Porcelain Tile / September 3, 2018 / Brousseau.
Drilling Small Diameter Holes (10mm or Smaller) with Carbide Bits. Firstly mark where the hole will be drilled on the tile using a marker. Attach a carbide drill bit to your drill. Ensure that there is a constant supply of cold water that is being directly aimed at the selected drill bit i.e. by using water cooling equipment. Note regarding water cooling. It is important to ensure that there is a constant supply of cold water in order to keep the drill bit cool and to help remove any debris that may have built up whilst drilling the tile.
Porcelain comes in many shapes sizes and beautiful designs. All of these characteristics seem to make porcelain the clear choice when it comes to quality durability and easy of cleaning and maintenance. In reality the truth can be vastly different. The specifications regarding porcelain tiles are never verified or tested so any manufacturer can claim that their tiles are porcelain. Tile manufacturers can claim that they are manufacturing porcelain tiles without having them tested. In many cases tiles labeled as porcelain do not have the characteristics that make them quality tiles.
The hardness of porcelain tiles is an advantage for more reasons than appearance. This quality makes these tiles far more scratch resistant than ceramic tiles. When tiles get scratched up you have to go to a lot of expense and trouble to get them polished out and sometimes even that isnt possible. Porcelain tiles are also more resistant to chipping. This hardy nature also makes them less slippery than ceramic tiles which makes them a better choice for safety reasons as well.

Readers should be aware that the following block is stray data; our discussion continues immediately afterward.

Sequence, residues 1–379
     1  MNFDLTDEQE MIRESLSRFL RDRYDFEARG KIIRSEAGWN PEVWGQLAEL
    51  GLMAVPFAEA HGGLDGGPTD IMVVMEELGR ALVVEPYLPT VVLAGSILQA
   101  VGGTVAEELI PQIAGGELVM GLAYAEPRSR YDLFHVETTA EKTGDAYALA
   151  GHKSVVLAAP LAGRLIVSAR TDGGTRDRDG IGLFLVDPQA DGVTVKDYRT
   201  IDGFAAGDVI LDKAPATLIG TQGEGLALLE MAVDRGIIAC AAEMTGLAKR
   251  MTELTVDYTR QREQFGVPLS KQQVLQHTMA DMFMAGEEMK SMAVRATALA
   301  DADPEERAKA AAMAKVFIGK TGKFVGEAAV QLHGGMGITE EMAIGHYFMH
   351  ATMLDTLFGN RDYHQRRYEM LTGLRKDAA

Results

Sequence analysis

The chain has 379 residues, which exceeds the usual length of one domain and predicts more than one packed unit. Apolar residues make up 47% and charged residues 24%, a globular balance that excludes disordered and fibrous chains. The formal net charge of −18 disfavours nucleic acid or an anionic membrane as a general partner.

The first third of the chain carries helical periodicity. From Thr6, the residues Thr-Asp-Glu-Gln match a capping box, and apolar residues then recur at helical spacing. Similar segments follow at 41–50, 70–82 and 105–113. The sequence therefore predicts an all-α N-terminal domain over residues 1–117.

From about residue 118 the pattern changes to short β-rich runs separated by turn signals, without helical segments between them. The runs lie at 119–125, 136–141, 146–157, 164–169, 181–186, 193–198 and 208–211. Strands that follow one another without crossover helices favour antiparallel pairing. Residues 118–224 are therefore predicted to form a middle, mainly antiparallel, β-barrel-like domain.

To get more acquainted with the product porcelain is defined in the Meriam-Webster Dictionary as a fine grained translucent ceramic ware. There are different kinds of ceramic materials but porcelain comes from the more common type of material called whiteware. Porcelain was first discovered in China and it is believed to have been brought to Europe by the great merchant and explorer Marco Polo. The term porcelain was derived from the translucent shell porcellana because of its similarity to the cowrie shell.